The epidemiology of rotavirus diarrhea in Latin America. Anticipating rotavirus vaccines

Erin Kane, Reina M. Turcios, Melissa L. Arvay, Salvador Garcia, Joseph S. Bresee, Roger I. Glass

Research output: Contribution to journalReview article

Abstract

Objective. To assess the disease burden and characterize the epidemiology of rotavirus diarrhea in Latin America. Methods. We conducted a literature review of studies of children <5 years of age who were hospitalized or seen as outpatients for diarrhea and for whom rotavirus was sought as the etiologic agent of the diarrhea. This review included inpatient and outpatient studies published since 1998 that included at least 100 children and reported surveillance activities lasting at least 12 consecutive months. Results. A total of 18 inpatient and 10 outpatient studies met the criteria for inclusion in this review. Rotavirus was detected in a median of 31% of inpatients (range, 16%-52%) and 30.5% of outpatients (range, 4%-42%). The median detection rate was higher in studies that used an enzyme-linked immunosorbent assay (ELISA) (inpatients 38%, outpatients 33%) versus less sensitive methods of detection. The age distribution of rotavirus disease varied among countries, with 65%-85% of children hospitalized in the first year of life. Most countries had rotavirus admissions year round, and rotavirus generally exhibited a winter seasonal peak in both temperate and tropical climates. Conclusions. The heavy burden of disease attributable to rotavirus in Latin America suggests that vaccines currently being tested could have considerable impact in preventing hospitalizations, clinic visits, and deaths. The findings of the young age distribution of patients highlight the importance of early immunization for the success of a vaccine program. The data suggest that future surveillance for rotavirus diarrhea in Latin America should use a standardized surveillance protocol with an ELISA for detection. Data from surveillance studies will be critical to monitor the impact of the future introduction of vaccines.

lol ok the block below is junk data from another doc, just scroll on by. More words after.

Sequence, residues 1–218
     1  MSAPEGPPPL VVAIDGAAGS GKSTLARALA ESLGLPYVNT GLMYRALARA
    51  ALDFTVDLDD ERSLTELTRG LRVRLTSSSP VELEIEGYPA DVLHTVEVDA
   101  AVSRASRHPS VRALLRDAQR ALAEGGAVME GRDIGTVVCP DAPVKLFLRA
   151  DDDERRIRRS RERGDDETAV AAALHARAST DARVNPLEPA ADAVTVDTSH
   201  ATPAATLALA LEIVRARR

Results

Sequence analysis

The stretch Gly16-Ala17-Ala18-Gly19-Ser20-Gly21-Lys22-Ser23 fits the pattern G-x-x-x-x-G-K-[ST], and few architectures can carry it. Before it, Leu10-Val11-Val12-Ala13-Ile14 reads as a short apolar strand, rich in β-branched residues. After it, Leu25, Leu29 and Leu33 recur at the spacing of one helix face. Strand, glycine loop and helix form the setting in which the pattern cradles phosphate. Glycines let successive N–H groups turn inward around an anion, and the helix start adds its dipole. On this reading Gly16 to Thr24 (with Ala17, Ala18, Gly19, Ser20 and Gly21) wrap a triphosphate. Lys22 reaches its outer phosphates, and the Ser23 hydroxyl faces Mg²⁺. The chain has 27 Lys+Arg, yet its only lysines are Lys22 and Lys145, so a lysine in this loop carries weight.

Original languageEnglish (US)
Pages (from-to)371-377
Number of pages7
JournalRevista Panamericana de Salud Publica/Pan American Journal of Public Health
Volume16
Issue number6
StatePublished - Dec 2004
Externally publishedYes

Fingerprint

Rotavirus Vaccines
Latin America
Rotavirus
vaccine
epidemiology
surveillance
Diarrhea
Epidemiology
Disease
Outpatients
age structure
Inpatients
assay
enzyme
immunization
Vaccines
Age Distribution
literature review
hospitalization
Enzyme-Linked Immunosorbent Assay

Keywords

  • Burden of illness
  • Disease outbreaks
  • Epidemiology
  • Latin America
  • Rotavirus